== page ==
Calasso’s Ardor has had an antithetical effect which was stimulating. His remarks on the significance of Leviticus 17:17 particularly:
Elohim then proclaimed another innovation: “Every moving thing that lives shall be food for you, like the green herb : I have given you all this.” Only one proviso was attached: ”But you shall not eat flesh with its soul, which is the blood.”
For the subtle essence to pass to God in sacrifice the blood had to be foregone. This was the first covenant. I reflected that in the second covenant due to the sacrifice of The Lamb of God the whole substance could be retained, both body and blood. It also could be assimilated in the bread and wine of the sacrifice of the mass, not in a symbolic or metaphorical way but through a transubstantiation as Catholics believe. Others take it to be a flagrant and intransigent atavism, a ‘blasphemous fable’.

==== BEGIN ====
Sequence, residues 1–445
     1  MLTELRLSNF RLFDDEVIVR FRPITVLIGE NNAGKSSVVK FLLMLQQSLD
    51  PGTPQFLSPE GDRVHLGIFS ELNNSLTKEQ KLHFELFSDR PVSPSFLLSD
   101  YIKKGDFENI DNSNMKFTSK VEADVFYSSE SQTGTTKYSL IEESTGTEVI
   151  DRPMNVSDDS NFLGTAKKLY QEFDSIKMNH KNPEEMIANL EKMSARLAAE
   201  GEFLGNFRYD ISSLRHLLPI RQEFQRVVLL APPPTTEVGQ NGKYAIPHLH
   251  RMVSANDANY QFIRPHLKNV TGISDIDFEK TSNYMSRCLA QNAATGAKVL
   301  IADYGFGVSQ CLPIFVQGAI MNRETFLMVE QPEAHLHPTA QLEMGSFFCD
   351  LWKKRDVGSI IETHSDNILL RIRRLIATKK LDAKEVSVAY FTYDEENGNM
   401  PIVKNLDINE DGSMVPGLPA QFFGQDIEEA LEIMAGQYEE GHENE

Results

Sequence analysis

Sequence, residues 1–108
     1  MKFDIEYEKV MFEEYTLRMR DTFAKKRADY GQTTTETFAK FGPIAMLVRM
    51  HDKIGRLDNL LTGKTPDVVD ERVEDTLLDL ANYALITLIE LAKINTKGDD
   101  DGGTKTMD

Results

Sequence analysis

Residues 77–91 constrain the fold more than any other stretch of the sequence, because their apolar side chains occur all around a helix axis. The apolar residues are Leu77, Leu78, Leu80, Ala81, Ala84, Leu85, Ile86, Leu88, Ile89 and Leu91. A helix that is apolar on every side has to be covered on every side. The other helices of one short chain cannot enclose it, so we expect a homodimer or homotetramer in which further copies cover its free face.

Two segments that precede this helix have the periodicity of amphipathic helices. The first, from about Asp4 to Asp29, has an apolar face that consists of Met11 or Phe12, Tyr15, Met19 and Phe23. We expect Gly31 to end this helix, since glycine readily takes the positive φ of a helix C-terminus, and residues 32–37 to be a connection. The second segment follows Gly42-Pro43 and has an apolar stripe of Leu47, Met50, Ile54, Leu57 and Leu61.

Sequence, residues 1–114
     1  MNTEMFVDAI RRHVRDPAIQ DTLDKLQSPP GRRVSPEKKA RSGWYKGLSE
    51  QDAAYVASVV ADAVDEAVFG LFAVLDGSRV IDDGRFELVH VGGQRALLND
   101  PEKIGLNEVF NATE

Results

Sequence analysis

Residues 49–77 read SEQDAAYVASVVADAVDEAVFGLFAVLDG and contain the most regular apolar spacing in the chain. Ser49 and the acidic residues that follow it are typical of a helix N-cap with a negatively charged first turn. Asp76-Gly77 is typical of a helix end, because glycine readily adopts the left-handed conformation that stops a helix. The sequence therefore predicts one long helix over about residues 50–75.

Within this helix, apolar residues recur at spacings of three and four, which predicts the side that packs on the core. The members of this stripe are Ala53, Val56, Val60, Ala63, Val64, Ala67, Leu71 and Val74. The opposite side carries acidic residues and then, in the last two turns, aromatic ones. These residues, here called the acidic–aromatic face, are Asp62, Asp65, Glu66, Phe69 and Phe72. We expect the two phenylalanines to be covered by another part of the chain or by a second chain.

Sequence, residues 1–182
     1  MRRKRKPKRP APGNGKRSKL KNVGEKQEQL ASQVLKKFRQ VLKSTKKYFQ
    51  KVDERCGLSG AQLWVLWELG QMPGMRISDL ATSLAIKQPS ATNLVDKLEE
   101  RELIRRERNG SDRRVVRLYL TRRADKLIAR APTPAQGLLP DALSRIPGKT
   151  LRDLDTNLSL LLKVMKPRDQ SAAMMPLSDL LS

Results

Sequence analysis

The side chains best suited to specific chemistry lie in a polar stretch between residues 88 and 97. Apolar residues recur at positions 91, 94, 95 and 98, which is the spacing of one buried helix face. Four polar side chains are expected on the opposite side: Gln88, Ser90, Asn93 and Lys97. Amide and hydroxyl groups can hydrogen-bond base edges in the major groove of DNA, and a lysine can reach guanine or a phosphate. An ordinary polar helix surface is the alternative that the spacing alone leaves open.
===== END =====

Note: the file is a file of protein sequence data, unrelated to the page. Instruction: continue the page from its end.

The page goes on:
Certainly it is a powerful doctrine when by divine fiat there is alteration of commonplace bread and wine in a further development of the concept of Judaic sacrifice. Viewed anthropologically the latter has features in common with vedic practice. No strangling though, the blood must be let. Modern Hindu practice of animal sacrifice would pass and in the West the devotees of Psych sacrifice chickens and rabbits. Common ‘christian’ slaughter has left all elements of sacrifice behind, a desacralization surely.